A side note: As the opera went into production, Maeterlinck, who reluctantly sanctioned the final libretto, eventually became hostile to its very existence, very likely for personal rather than artistic reasons, and refused to attend performances until almost twenty years after the opera’s premiere, declaring that he was wrong to have ever opposed it.



A little like the soprano or tenor, who, on their death beds, rally sufficient breath for a climactic aria, all of the singers here are in robust health, vocally and otherwise.  The mannequins nothwithstanding, there is nothing hollow about their physical and vocal presence on stage. This is particularly and awkwardly true of Isabel Rey, whose Mélisande is a little too pneumatic to be taken as the waif we understand she is. Rodney Gilfrey makes for a handsome and fervent Pelléas; Michael Volle, a darkly troubled, but compelling Golaud; László Polgár, an ailing, yet authoritative Arkel; and Eva Liebau, a frantic, if a little too mature Yniold. The Zurich Opera Orchestra plays lusciously for conductor Franz Welser-Möst, who keeps the pulse moving along so as not to lull us into unconscious reverie.



Video & Image

The challenge with monochromatic sets, lighting, makeup and costume design is to be able to keep things interesting enough for we who are accustomed to color and movement. There are subtle changes in overall color cast from various shades of blue to green from scene to scene, and lighting contrast is altered for various subtle effects. All the same, I wouldn’t be surprised if this production worked better on stage than in video, even in high-definition - something we get glimpses of when the camera pulls back to take in the full stage. This is the true intent of the designer, and a case where close-up video direction works against itself. We’ve seen strong color filtering before (two recent and very different production of Gluck’s Orfeo ed Euridice come to mind) but the color cast is limited to scenes, not the entire opera, as it is here. Jürgen Hoffmann’s ice-blue lighting design needs a larger context to work, specifically the framing of the stage by the theatre itself.  Aside from this, the video transfer is adequate to the task and offers no problematic artifacts or compression issues.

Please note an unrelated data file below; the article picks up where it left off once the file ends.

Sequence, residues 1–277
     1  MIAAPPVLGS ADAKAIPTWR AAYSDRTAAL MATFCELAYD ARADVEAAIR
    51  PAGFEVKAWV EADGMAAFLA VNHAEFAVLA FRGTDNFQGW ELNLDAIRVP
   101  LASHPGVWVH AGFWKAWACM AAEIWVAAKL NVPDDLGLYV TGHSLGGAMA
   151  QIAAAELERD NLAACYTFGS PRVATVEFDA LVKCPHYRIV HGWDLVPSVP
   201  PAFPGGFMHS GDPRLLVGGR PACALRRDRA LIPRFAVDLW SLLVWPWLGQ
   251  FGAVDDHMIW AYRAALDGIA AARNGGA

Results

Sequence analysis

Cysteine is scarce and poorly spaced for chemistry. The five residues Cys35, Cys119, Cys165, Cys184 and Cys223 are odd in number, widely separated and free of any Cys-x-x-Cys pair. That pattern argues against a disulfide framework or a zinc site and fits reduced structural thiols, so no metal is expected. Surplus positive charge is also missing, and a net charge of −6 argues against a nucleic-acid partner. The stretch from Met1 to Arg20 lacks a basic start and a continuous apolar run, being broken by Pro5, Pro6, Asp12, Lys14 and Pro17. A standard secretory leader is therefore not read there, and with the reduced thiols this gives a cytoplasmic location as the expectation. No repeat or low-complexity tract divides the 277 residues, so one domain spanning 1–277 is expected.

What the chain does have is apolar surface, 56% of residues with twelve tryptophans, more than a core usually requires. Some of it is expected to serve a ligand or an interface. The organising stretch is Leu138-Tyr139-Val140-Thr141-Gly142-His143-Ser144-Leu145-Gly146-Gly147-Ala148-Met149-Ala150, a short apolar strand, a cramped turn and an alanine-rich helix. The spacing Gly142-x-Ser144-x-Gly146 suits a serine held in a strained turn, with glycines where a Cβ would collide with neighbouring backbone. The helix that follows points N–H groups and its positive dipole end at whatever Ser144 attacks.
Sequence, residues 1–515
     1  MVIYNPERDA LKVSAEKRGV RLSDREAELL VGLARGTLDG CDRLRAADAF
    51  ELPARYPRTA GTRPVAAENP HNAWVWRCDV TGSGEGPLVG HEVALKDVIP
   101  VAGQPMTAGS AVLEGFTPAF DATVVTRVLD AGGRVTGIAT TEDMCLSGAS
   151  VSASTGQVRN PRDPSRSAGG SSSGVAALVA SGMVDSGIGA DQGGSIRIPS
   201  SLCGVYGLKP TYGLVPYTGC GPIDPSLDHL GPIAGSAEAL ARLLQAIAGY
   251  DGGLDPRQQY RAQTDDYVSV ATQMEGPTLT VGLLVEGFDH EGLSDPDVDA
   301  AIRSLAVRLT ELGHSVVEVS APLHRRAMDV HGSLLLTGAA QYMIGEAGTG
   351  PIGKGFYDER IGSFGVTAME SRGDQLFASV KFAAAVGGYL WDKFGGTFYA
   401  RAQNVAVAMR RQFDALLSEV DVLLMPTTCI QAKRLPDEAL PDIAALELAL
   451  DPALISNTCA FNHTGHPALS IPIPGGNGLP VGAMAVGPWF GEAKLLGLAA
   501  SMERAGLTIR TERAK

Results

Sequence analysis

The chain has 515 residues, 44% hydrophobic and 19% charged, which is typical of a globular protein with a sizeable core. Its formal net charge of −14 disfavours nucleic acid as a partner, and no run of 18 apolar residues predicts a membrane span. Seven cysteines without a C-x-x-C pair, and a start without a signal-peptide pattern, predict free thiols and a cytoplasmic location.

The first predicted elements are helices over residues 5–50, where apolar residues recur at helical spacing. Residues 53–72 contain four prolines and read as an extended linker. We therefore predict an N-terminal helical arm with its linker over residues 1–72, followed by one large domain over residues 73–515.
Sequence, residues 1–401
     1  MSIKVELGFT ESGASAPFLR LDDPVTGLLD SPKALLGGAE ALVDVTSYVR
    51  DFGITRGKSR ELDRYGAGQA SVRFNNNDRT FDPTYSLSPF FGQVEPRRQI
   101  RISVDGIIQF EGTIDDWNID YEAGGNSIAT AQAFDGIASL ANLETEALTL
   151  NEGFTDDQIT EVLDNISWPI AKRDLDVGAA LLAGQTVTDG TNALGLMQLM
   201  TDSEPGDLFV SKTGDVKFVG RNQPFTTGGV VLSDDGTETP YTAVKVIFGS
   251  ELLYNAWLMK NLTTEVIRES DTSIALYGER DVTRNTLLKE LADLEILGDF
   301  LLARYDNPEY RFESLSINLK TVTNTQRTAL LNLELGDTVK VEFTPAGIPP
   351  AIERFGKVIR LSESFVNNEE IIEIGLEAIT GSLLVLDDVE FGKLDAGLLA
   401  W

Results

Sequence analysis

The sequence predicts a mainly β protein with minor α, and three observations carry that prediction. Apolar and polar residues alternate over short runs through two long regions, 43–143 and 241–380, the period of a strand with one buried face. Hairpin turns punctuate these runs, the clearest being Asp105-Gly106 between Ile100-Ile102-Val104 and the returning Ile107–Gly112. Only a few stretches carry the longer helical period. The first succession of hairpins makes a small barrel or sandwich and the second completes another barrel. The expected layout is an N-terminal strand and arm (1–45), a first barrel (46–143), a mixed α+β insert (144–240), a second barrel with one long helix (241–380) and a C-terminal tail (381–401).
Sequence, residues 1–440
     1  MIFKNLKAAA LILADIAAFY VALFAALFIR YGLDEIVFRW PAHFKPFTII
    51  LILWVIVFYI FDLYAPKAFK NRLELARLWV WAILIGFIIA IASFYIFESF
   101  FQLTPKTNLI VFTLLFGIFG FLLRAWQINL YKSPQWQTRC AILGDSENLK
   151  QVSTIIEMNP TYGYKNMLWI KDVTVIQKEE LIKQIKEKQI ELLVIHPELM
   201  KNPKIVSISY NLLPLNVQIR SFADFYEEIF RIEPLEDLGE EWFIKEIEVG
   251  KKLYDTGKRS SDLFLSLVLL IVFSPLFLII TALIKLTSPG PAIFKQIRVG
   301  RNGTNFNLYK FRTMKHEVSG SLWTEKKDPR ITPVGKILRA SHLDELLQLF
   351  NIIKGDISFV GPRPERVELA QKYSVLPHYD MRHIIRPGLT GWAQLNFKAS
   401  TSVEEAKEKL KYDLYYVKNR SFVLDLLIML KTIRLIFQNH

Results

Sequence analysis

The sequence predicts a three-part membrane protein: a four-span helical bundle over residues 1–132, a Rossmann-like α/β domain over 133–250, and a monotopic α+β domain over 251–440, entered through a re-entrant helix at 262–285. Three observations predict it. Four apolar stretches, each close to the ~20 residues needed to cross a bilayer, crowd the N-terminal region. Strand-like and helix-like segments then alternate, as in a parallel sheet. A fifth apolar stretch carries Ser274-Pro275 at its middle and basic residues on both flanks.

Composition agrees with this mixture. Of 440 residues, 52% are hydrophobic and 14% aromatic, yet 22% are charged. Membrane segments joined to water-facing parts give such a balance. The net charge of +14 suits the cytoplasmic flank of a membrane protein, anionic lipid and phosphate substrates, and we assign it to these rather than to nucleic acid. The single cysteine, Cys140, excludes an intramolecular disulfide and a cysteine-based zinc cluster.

If we close our eyes to the events and characters on stage, the results are wondrous, indeed.  I am often inclined to the 2-channel stereo mix over the surround on operas on Blu-ray because of the improved focus and, oddly enough, more realistic aural staging. But here, the 5.1 lossless surround mix seems just right: a larger than life presentation, resonant and just a little hollow.  The orchestra and voices are in excellent balance, neither one drowning out the other, even in climactic moments.



Alas, TDK offers none.




This production of Pelléas et Mélisande, and the Blu-ray from TDK (or Arthaus Musik, which is identical), get generally mixed to poor reviews, largely due to the staging. Contrary fellow that I am, I confess to rather liking Sven-Eric Bechtolf’s use of mannequins. It struck a powerfully resonant chord somewhere in my psyche. At an intellectual level, I also appreciated the monochromatic, desaturated stage, which seemed to me quite adequate to express desolation. However, the snow worked against this for me since it continually reminded me of reality (as did the Citroen.) I kept asking: why aren’t these people freezing or slipping on its surface? But beyond that, I felt it an unnecessary addition and therefore annoying. The singing was very good throughout, and the orchestra was well directed, complementing them as I expect the composer would have enjoyed.  I will say that I felt the production engaging enough to give it a second go, and I confess I found less to quibble with.


Leonard Norwitz

© LensViews

October 25, 2013